Bird flu, or avian flu, is an infectious type of influenza that spreads among birds. In rare cases, it can affect humans.
There are many different strains of bird flu virus, most of which don’t infect humans. However, 4 particular strains have caused serious concern in recent years:
- H5N1 (since 1997)
- H7N9 (since 2013)
- H5N6 (since 2014)
- H5N8 (since 2016)
Although these viruses don’t infect people easily and aren’t usually transmitted from human to human, several people have been infected around the world, leading to a number of deaths.
Bird flu affects many species of birds, including chickens, ducks, turkeys and geese. It can be passed between commercial, wild and pet birds. Birds don’t always get sick from infection, so seemingly healthy birds may still pose a risk to people who come into contact with them.
Bird flu in the UK
No humans have been infected with H5N1, H7N9, H5N6 or H5N8 bird flu in the UK, although plans are in place to manage any suspected cases.
In January 2018, a number of cases of H5N6 bird flu were identified in wild birds in 2 separate locations in the UK (South Dorset and Warwickshire). This led to the Department for Environment, Food and Rural Affairs (Defra) introducing a Bird Flu Prevention Zone in England.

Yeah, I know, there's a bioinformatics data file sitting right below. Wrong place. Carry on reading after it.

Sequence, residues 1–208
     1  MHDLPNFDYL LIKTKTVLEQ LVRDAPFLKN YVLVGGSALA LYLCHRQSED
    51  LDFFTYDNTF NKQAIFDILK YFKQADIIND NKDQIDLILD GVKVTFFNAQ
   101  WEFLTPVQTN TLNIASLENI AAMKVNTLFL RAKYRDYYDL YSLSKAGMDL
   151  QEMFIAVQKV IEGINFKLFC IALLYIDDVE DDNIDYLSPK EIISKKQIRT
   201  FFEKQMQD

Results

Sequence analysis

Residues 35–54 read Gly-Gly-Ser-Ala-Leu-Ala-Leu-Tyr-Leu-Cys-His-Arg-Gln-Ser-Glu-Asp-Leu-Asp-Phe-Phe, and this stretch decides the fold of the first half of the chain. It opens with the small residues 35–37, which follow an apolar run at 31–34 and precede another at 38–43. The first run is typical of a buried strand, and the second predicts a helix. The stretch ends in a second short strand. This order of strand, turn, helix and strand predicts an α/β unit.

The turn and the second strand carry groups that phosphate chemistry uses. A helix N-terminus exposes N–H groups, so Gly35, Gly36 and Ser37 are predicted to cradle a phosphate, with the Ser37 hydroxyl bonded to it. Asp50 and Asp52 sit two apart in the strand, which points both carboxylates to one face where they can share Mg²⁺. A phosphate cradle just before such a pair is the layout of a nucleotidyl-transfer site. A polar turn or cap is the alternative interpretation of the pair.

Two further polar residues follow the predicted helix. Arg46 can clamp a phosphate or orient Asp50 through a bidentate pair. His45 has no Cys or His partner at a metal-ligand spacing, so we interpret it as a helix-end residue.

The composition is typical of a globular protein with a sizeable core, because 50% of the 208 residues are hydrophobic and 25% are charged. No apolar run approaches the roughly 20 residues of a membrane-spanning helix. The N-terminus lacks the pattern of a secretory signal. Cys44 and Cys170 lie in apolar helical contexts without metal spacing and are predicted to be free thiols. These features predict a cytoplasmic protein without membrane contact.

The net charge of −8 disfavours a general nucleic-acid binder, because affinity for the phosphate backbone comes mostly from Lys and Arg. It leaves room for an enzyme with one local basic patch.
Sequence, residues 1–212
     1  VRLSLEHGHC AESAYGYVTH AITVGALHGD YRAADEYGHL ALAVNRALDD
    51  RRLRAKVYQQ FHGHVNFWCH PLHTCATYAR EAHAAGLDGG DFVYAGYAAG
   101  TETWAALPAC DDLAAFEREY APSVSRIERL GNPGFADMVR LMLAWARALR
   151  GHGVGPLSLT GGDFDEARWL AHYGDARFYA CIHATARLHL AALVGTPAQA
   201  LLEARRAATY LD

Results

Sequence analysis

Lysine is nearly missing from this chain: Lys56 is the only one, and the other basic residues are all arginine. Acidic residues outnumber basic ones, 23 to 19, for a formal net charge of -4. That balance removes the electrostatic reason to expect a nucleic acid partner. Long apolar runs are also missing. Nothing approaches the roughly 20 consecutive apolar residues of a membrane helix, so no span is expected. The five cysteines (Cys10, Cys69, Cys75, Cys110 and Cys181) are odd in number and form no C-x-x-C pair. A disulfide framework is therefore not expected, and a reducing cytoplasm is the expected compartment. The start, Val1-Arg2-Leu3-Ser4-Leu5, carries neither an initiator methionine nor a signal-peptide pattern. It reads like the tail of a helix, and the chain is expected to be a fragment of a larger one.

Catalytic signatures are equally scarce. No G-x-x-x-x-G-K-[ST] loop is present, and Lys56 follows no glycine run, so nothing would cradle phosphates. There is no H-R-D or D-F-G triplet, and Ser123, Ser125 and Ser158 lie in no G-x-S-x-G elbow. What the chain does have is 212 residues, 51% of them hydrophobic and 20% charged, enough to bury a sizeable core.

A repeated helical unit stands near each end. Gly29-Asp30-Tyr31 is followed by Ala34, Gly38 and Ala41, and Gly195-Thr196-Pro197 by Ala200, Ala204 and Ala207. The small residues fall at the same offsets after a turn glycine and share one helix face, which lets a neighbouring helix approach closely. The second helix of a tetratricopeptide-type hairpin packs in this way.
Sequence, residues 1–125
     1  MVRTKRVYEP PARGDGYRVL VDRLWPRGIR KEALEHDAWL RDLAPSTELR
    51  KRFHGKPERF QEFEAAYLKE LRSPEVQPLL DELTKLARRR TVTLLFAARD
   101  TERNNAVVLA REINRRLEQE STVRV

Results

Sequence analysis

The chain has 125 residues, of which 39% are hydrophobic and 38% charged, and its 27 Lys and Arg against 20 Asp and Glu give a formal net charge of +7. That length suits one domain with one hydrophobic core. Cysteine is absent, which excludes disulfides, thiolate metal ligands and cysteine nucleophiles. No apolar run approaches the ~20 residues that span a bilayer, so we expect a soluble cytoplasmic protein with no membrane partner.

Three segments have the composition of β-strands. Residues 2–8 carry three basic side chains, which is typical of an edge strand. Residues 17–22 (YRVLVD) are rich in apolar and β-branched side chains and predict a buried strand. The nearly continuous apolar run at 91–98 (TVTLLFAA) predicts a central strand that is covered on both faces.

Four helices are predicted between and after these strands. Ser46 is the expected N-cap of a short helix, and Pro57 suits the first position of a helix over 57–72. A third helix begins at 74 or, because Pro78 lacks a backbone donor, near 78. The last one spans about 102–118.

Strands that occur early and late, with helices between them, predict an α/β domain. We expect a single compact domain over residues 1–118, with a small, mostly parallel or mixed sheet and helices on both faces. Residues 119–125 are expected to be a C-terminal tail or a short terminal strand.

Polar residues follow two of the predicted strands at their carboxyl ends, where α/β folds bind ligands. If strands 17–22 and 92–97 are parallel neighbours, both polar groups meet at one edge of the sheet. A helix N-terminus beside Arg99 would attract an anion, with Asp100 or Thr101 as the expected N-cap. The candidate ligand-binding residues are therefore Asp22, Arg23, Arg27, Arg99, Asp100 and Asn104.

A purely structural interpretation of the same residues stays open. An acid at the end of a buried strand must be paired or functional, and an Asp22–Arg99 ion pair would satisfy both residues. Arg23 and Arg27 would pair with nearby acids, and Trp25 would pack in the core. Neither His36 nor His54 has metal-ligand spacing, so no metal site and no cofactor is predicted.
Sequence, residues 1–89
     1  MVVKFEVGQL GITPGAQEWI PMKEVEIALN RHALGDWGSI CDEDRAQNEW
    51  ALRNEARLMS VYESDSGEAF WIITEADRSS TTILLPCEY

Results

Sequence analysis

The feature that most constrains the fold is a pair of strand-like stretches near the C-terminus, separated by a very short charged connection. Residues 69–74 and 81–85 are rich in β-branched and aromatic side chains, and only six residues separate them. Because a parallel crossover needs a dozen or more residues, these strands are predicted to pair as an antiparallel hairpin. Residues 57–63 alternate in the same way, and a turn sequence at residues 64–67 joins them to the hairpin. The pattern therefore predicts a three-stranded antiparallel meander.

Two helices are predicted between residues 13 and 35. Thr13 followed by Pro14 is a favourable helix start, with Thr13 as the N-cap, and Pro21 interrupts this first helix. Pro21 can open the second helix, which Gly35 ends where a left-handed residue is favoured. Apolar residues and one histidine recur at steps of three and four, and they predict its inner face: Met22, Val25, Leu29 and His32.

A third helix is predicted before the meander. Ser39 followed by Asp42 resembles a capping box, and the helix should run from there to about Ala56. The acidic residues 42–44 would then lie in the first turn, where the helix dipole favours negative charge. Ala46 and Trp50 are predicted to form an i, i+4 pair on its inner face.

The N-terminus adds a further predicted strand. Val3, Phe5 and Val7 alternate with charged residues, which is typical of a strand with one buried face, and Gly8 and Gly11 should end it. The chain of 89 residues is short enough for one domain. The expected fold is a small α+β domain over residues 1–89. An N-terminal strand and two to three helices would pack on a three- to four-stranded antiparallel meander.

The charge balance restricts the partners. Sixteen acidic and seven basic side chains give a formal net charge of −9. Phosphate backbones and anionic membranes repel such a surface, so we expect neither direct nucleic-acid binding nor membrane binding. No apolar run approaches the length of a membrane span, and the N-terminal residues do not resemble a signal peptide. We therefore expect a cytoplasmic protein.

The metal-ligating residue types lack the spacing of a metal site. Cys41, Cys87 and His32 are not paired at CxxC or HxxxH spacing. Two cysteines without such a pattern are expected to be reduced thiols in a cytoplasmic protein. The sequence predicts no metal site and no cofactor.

During 2016/17, there were several outbreaks of H5N8 bird flu in poultry flocks and wild birds in the UK and Europe. Since then, there have been further outbreaks of H5N8 across the Middle East, Africa and Asia. Worldwide, there have been no human cases of H5N8.
The last reported case of H5N1 in birds in the UK was in early 2008. H7N9 hasn’t been detected in wild birds or poultry in the UK.
Signs and symptoms
Like other types of flu, bird flu symptoms often include:
- a high temperature (fever)
- aching muscles
- respiratory symptoms, such as a cough or runny nose
These symptoms can come on suddenly. The time from infection to the start of symptoms (incubation period) is usually 3 to 5 days, although in some cases it can be up to 7 days.
Within days of symptoms appearing, potentially fatal complications such as pneumonia, acute respiratory distress syndrome and multiple organ failure may develop. Prompt treatment with antiviral medication may help prevent complications and reduce the risk of death.
Treatment for bird flu
People with suspected symptoms of bird flu will be advised to stay at home or be cared for in hospital in isolation from other patients.
In addition, other recommendations include:
- drinking plenty of fluids and eating healthily
- taking medication to help treat fever and pain, such as paracetamol and ibuprofen
In the UK, certain antiviral medications have been stockpiled for use in the event of a flu outbreak. These medications work by stopping the virus multiplying in your body.